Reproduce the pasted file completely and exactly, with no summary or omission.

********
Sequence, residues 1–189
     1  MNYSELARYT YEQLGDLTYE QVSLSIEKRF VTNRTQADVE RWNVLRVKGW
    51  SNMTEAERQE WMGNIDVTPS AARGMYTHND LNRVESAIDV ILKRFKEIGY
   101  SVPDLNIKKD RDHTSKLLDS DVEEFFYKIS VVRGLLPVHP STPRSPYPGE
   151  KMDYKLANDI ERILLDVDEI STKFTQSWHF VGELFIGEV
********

Sequence, residues 1–189
     1  MNYSELARYT YEQLGDLTYE QVSLSIEKRF VTNRTQADVE RWNVLRVKGW
    51  SNMTEAERQE WMGNIDVTPS AARGMYTHND LNRVESAIDV ILKRFKEIGY
   101  SVPDLNIKKD RDHTSKLLDS DVEEFFYKIS VVRGLLPVHP STPRSPYPGE
   151  KMDYKLANDI ERILLDVDEI STKFTQSWHF VGELFIGEV